by Paul R. Spitzzeri
For several years after Walter P. Temple realized a significant fortune starting in summer 1917 from the stunning discovery, made by his nine-year old son Thomas, of oil on the family’s ranch near Montebello, he initially pursued other oil prospects in such locales as Whittier and Huntington Beach, but he also began to invest in real estate, such as in Alhambra, where he and his family moved shortly after the oil money started coming in.
At the end of 1921, he completed his first commercial building project, the Temple Theatre on Main Street between 3rd and 4th and located across from Alhambra High School. In succeeding years, he put a great deal more emphasis in real estate, advised by his business manager Milton Kauffman, who likely reasoned that there was more likelihood in realizing consistent passive income from rents in commercial structures than in the more highly speculative oil industry. Real estate, of course, has its own degree of risk, but the main point is that Temple’s strategy in pursuing both ramped up considerably by the early Twenties.
That was all well and good, provided that income outpaced expenses, but that proved to be very problematic as time went on, not that the Temples were alone among people of means in having that struggle. The Temple Lease at Montebello was initially extraordinarily lucrative and tonight’s highlighted artifact from the museum’s collection, a “Report of Disbursements and Receipts” for the period between 18 December 1921 and 20 January 1922, shows that, four years after the first well came in, the royalties were still very substantial.
For that month, the royalty, comprising one-eighth of all net revenues generated from oil and gas extraction from the wells maintained by Standard Oil Company of California, was more than $23,600. According to an online inflation calculator that comes to just about $365,000 and, provided that was consistent through a year, the revenue would well in excess of $4.3 million. Beyond that predominant source of income, there was another $6,000, including interest, “payments on principal,” which appear to do with loans made to others, rental and revenues on stock, including the Texmex Oil Company, which actually operated in a field near Tulsa, Oklahoma. So, overall income that month was just shy of $30,000, or $465,000 in today’s money.
On the disbursements (shown as “dispursements” which is an unintentionally inspired misspelling, for sure), there is a wide variety of expenditures. These included salaries for those working for Temple, including Elmer A. Potter, who was a manager of properties for Temple throughout the decade, and who was paid $125.00 a week. Three others received weekly salaries, including Stanley Benson, who was known to be the family’s chauffeur, and E.G. Seely, both of whom were paid $35.00, while Sara H. Murphy was paid $25.00. Seely appears to have been employed at the family’s Alhambra home, while Murphy seems to have been a secretary on the business side, including, presumably, typing up reports like this one.
Another employee was Temple’s brother-in-law, Manuel M. Zuñiga, the second husband of Walter’s sister, Lucinda. Zuñiga was recorded in the 1920 census as a gardener in the Temple household and he was paid $100 a month. For December, however, there were bonuses and “Xmas cheer” paid out, with the latter bringing $50 to Zuñiga and $20 to Murphy, half of which was chaerged to Kauffman. Seely, meanwhile, received a $20 bonus.
Not on salary, but having his own account because of his services as business manager was Kauffman, whose expenses amounted to about $1,300 for the month, including some funds paid to him directly, but also expenditures like a market, service station, a drug company, for his automobile, a jeweler, for life insurance, and others.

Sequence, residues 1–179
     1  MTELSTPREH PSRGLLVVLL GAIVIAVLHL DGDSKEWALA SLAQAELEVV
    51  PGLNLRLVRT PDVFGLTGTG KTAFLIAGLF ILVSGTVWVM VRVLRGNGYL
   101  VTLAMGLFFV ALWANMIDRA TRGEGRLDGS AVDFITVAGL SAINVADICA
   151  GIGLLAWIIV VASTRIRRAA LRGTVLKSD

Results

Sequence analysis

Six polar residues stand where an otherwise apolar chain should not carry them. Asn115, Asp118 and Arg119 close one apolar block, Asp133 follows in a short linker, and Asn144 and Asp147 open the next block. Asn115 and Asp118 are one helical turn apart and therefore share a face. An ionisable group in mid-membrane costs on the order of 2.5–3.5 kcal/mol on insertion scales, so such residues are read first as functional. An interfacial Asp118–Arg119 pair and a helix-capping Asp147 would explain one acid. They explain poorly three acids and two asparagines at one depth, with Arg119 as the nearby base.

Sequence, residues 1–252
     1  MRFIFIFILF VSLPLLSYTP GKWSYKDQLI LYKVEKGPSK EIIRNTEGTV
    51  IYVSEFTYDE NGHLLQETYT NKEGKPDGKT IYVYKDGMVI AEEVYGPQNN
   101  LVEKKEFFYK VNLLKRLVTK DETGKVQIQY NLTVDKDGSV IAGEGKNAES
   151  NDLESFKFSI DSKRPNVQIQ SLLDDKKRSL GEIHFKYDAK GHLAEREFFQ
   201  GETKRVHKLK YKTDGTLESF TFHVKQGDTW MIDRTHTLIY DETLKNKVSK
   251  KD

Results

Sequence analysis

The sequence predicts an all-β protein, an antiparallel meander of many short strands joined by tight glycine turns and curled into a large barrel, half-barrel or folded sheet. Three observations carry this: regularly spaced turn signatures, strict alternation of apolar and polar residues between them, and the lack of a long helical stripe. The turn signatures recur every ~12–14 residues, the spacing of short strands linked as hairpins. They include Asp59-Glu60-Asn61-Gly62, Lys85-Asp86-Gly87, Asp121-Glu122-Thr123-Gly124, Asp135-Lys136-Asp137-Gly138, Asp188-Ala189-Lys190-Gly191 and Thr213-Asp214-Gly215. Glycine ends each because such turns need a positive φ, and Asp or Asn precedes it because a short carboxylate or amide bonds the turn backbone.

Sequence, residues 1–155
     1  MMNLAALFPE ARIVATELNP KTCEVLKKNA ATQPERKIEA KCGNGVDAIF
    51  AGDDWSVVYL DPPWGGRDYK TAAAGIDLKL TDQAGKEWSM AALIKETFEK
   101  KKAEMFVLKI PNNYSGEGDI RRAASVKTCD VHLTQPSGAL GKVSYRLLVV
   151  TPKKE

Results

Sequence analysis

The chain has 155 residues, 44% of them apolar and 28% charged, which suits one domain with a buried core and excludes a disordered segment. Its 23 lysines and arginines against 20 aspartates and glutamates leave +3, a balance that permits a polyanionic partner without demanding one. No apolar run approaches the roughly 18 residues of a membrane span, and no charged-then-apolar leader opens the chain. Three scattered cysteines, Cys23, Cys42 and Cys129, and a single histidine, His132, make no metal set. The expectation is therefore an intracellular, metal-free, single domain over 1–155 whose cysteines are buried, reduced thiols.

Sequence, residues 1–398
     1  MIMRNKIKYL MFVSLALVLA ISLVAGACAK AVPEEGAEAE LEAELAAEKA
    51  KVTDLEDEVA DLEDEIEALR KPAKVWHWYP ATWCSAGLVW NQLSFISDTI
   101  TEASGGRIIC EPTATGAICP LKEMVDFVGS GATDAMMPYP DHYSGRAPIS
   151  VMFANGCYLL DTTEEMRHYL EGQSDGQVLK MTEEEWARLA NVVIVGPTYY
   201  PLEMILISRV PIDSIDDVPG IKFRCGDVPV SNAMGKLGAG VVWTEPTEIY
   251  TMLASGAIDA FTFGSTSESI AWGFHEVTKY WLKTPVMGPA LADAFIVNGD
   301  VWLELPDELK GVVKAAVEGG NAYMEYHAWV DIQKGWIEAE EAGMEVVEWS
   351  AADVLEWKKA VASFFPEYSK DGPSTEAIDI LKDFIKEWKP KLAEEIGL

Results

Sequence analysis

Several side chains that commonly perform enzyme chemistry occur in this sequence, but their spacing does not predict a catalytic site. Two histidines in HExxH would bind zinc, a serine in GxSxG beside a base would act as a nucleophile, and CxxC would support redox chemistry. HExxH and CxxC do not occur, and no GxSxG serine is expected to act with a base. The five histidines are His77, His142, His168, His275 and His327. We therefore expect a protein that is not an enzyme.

Temple was known for loaning money to family and friends and there were several examples recorded here. One was an “additional loan” of $1,000 to Charles and Thisba Glenn, whose relationship to the Temples is not known. Others were to Ed Fickewirth, a Puente-area rancher, for $175.00, Joseph O’Neill for $150, Cirpriano Ramirez for $300, and James E. Bassity for $200. Bassity was married to Modesta Romero, who would take care of Laura Temple during her battle with cancer and which, sadly, ended with her death at the end of 1922. Walter also provided regular payments of cash to Nettie Friend de Temple, the widow of his oldest sibling Thomas, who died in 1892. She received $25 in December and would continue getting financial assistance until her death in 1928.
Miscellaneous expenses included utility bills, newspaper and magazine subscriptions, dues to the San Gabriel Country Club and the Automobile Club of Southern California. A $10 contribution was made to the San Gabriel Settlement House, which provided assistance to recent immigrants, presumably mostly those from Mexico and which received other donations from Temple including the securing of property for a building. In addition to Kauffman’s charges at the jewelers, Feagans and Company, Laura Temple had $600 expensed there, which is not too far south of $10,000 in today’s money. Another major personal expense concerned a serious illness suffered by the Temples’ youngest child, Edgar, who turned eleven years old in December. A doctor was paid $250 for treating him, while Alhambra Hospital charged $75 and Matilda Conn was paid $49 for nursing the young man. Another $300 was paid out Dr. Henry F. Bishop for “professional services” and this might have been for Laura, though there is no specificity noted.
There are three “Sundry Persons & Concerns” listings totaling nearly $5,000, with 75% of that shown simply as “Expense Personal” while the remaining quarter included interest paid, money given to individuals but with no indication as to why, contributions (meaning, presumably, charitable donations), auto expenses, household goods, and over $600 toward the Workman Homestead, where the family stayed on weekends. Other expenses for the Homestead included about $1200 for fencing and another $500 payable to the First National Bank of Puente. One $1,000 payment to J.A. Brookman was explained as “pick-up check to distribute Laura G. Temple’s outside of office check,” though what this meant is anyone’s guess. There is a $300 payment on Walter Temple’s account to George H. Johnson and $225 to the George H. Birkel Company, a major music store in Los Angeles, for “organ for church,” this being a donation.